The Quakes “Negative Charge”
If Buffalo, NY’s chosen sons The Quakes are known for one thing (besides their zeal for ’80s covers), it’s that they release the most consistently marvelous records year after year.
“Negative Charge” is no exception, commencing with the poppy “Seven Seas Alone,” an apropos tune in these days of non-swashbuckling pirates and a rocking non-sea chantey dowsed in twang and tremolo.
This record is a bit less aggressive than some of the band’s earlier outings, but the quality of the production and the catchiness of the tunes outweigh the need for slam dance fodder. The Quakes are now writing their own new wave classics, most notably “Ghost Town,” a classic number in the vein of old school Echo and the Bunnymen.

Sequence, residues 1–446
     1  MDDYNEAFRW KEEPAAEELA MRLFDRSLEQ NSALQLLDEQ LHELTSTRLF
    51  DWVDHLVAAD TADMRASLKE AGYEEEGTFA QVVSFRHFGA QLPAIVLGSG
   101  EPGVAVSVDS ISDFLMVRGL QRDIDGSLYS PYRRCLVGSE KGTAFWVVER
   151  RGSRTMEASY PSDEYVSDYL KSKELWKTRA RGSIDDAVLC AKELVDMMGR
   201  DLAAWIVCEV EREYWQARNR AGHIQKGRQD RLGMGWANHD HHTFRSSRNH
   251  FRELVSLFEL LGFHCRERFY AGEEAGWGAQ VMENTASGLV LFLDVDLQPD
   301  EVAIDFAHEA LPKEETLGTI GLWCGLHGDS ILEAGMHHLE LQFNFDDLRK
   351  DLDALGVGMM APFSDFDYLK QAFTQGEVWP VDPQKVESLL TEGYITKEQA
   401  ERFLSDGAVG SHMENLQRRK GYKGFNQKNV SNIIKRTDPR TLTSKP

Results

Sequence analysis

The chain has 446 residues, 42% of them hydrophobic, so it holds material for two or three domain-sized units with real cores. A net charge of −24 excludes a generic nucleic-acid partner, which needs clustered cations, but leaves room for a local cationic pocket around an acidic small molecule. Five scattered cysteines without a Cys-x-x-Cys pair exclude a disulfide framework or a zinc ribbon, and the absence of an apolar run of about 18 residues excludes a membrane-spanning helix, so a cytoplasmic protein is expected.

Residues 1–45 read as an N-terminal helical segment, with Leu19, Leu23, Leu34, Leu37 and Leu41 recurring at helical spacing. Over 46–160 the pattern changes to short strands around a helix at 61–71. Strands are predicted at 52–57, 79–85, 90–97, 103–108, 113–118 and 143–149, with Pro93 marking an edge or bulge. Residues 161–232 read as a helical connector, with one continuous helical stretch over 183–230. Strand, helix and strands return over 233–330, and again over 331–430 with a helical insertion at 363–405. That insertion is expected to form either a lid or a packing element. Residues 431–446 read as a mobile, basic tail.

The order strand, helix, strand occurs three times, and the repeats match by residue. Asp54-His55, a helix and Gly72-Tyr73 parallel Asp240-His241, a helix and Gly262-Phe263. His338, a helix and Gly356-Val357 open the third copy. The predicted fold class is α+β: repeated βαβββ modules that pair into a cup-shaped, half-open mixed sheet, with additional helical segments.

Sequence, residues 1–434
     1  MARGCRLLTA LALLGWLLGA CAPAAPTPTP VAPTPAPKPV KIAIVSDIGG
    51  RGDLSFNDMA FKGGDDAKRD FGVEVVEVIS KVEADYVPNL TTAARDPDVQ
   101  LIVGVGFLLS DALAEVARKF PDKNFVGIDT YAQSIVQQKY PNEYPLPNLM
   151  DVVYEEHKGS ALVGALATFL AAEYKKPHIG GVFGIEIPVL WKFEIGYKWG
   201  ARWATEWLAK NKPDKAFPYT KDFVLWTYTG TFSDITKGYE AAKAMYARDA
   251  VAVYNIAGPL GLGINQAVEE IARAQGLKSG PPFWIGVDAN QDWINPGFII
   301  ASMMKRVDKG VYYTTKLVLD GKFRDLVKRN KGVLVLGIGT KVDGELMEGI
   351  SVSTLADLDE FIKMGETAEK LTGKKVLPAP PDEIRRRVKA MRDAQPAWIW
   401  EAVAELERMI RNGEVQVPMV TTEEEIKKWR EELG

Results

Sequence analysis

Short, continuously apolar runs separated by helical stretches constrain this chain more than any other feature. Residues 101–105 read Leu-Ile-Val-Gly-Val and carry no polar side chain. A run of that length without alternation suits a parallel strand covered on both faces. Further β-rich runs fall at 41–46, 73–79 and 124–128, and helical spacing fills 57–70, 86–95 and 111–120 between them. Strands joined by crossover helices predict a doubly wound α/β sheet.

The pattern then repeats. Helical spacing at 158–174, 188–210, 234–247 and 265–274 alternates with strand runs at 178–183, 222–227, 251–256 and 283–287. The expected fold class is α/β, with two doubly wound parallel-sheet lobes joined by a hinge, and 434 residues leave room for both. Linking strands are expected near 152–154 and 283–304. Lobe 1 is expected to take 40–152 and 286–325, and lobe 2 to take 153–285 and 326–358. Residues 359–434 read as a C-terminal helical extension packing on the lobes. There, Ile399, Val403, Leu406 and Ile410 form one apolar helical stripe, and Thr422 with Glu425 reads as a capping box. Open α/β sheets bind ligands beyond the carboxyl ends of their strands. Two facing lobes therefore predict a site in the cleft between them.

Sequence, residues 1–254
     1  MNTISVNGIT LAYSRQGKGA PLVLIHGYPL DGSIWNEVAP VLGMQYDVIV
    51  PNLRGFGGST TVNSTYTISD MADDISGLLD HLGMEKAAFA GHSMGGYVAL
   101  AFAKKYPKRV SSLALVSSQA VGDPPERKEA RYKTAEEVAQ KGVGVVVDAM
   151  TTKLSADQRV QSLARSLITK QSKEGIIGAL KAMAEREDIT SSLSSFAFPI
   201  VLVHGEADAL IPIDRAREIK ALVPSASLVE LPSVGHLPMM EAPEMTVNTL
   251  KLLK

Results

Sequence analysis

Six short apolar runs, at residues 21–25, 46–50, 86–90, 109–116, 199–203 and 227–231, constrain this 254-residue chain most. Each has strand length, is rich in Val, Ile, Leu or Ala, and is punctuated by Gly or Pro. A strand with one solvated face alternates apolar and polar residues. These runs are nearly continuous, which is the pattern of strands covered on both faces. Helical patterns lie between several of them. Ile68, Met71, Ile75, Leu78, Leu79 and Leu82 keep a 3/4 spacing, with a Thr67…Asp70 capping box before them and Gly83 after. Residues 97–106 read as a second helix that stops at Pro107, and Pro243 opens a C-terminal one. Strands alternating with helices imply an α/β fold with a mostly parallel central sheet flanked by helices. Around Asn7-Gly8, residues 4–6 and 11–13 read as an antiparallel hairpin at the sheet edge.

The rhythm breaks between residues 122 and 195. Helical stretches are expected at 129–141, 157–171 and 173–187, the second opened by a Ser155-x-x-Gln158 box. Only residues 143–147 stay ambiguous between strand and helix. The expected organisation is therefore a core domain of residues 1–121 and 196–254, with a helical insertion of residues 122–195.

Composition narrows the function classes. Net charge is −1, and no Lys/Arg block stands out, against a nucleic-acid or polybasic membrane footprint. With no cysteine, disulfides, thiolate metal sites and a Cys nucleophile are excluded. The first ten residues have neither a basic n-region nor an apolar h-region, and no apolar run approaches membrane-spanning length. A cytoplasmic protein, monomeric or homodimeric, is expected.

The band get rowdier on the bombastic “Straight to Valhalla.” “A friend in need, is a friend indeed,” singer Paul Roman cries out the proverb as the double bass thumps and echoes in the background.
The Quakes have made a career out of taking the best parts of every sub genre tagged with “-abilly” and sonically molding it into a sound that is genuine, uncontaminated rock & roll.
Call them psychos, call them rockers – It doesn’t matter. The Quakes are committed supporters of pure rockabilly and “Negative Charge” is another masterpiece in their canon of pure rock fury.